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Whole-exome sequencing and targeted gene sequencing provide insights into the role of PALB2 as a male breast cancer susceptibility gene

  • Autori: Silvestri, V.; Zelli, V.; Valentini, V.; Rizzolo, P.; Navazio, A.; Coppa, A.; Agata, S.; Oliani, C.; Barana, D.; Castrignanã², T.; Viel, A.; Russo, A.; Tibiletti, M.; Zanna, I.; Masala, G.; Cortesi, L.; Manoukian, S.; Azzollini, J.; Peissel, B.; Bonanni, B.; Peterlongo, P.; Radice, P.; Palli, D.; Giannini, G.; Chillemi, G.; Montagna, M.; Ottini, L.
  • Anno di pubblicazione: 2017
  • Tipologia: Articolo in rivista (Articolo in rivista)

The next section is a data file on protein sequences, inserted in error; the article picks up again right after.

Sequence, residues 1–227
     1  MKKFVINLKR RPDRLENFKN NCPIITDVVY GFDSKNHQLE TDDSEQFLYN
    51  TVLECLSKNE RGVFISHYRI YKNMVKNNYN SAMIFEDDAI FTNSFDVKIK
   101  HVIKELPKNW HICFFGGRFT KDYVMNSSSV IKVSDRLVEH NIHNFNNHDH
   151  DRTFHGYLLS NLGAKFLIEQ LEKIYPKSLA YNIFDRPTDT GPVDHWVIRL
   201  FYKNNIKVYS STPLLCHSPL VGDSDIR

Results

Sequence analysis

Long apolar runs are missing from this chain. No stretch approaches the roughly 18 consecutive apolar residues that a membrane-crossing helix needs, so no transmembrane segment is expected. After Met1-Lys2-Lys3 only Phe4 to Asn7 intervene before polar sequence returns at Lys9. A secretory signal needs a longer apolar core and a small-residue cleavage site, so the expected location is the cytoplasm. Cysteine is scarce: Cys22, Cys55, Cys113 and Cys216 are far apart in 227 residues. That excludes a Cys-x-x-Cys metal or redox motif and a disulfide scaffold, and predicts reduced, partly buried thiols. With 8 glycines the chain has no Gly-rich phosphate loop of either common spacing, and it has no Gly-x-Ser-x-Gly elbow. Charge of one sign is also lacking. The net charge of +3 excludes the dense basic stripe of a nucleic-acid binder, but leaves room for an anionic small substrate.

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BACKGROUND: Male breast cancer (MBC) is a rare disease whose etiology appears to be largely associated with genetic factors.BRCA1 and BRCA2 mutations account for about 10% of all MBC cases. Thus, a fraction of MBC cases are expected to be due to genet-ic factors not yet identified. To further explain the genet ic susceptibility for MBC, whole-exome sequencing (WES) and targeted genesequencing were applied to high-risk, BRCA1/2 mutation–negative MBC cases. METHODS: Germ-line DNA of 1 male and 2 femaleBRCA1/2 mutation–negative breast cancer (BC) cases from a pedigree showing a first-degree family history of MBC was analyzedwith WES. Targeted gene sequencing for the validation of WES results was performed for 48 high-risk, BRCA1/2 mutation–negativeMBC cases from an Italian multicenter study of MBC. A case-control series of 433 BRCA1/2 mutation–negative MBC and female breastcancer (FBC) cases and 849 male and female controls was included in the study. RESULTS: WES in the family identified the partnerand localizer of BRCA2 (PALB2) c.419delA truncating mutation carried by the proband, her father, and her paternal uncle (all affectedwith BC) and the N-acetyltransferase 1 (NAT1) c.97C>T nonsense mutation carried by the proband’s maternal aunt. Targeted PALB2sequencing detected the c.1984A>T nonsense mutation in 1 of the 48 BRCA1/2 mutation–negative MBC cases. NAT1 c.97C>T was notfound in the case-control series. CONCLUSIONS: These results add strength to the evidence showing that PALB2 is involved in BCrisk for both sexes and indicate that consideration should be given to clinical testing of PALB2 for BRCA1/2 mutation–negative fami-lies with multiple MBC and FBC cases